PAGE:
ValueClick Network Makes Ad Targeting AvailableCost-per-click online ad network ValueClick announced this week that it has segmented its 6,000-site network into 14 categories for targeting.
Launched in July 1997, ValueClick offers site publishers a way to move unsold advertising inventory on a cost-per-click basis without damaging their brands, said Guy Hill, director of business development at ValueClick, Santa Barbara, CA.
"A lot of companies don't want to let buyers slug away at their rate cards because they know they'll never be able to raise their prices if they get buyers trained at a certain level," Hill said. "What they'll do is lock in at, say, a $35 CPM [cost-per-thousand impressions rate] and sell 50 percent of their inventory. That's a huge opportunity for someone to come in and sell the [remaining 50 percent] through another channel."
The channel to which Hill is referring in this case is ValueClick. Though ValueClick will track and report results from sites for buyers, it will not place ads on specific sites to avoid undercutting sellers' CPM rates, Hill said.
Ad buyers on ValueClick can buy run-of-network advertising for 35 cents per click and, as of last week, advertising targeted by category for 50 cents per click. Volume discounts and discounts for agencies are also available.
"If you want to buy Yahoo!, then you should go buy Yahoo! [on a CPM basis]," Hill said. "We're not surviving on the brand of another company. We're building our own brand on no-name ad space, which could be Yahoo!, or it could be Joe's Home Page."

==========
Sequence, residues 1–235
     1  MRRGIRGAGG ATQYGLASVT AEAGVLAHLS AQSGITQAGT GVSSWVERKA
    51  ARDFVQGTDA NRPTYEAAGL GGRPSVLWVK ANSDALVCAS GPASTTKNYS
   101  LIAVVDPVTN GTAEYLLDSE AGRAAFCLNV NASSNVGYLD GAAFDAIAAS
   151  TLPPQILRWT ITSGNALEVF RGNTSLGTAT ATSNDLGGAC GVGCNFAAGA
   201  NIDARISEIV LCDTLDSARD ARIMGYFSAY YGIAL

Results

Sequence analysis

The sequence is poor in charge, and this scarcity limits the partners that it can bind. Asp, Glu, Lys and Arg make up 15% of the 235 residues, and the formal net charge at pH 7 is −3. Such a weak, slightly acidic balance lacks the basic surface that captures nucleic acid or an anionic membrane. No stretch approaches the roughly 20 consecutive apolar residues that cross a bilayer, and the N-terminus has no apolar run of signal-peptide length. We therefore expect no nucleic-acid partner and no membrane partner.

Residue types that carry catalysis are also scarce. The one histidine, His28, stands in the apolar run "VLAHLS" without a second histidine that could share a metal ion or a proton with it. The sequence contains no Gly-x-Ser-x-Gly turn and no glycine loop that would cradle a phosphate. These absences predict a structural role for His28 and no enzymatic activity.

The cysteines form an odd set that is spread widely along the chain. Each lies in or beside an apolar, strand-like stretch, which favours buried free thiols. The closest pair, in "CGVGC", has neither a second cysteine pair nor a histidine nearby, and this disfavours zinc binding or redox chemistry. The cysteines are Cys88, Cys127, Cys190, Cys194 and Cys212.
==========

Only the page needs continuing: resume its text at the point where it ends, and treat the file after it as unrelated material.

The new advertising categories on ValueClick are computers and technology, shopping, sports and recreation, women, arts and humanities, home and family, news, entertainment and media, travel, health, business and finance, education and science, games and automotive.
The question is: Will the new targeting categories result in conversion rates that justify the increased cost per click?
"What we're doing is providing a thinner slice of our network that is presumably more pre-qualified, and we think that it will lead to increased sales," Hill said. "It's up to the media buyer to do an A-B split. They should buy general rotation, buy a category and track them as two different sites. We've found that categories are typically more cost effective."
ValueClick's network comprises mostly small- to medium-sized sites -- everything from personal home pages to business sites -- Hill said.
Currently, ValueClick serves between 3.5 million and 4 million ad impressions a day. Major advertisers include Xerox, Infoseek and free e-mail firm Hotmail.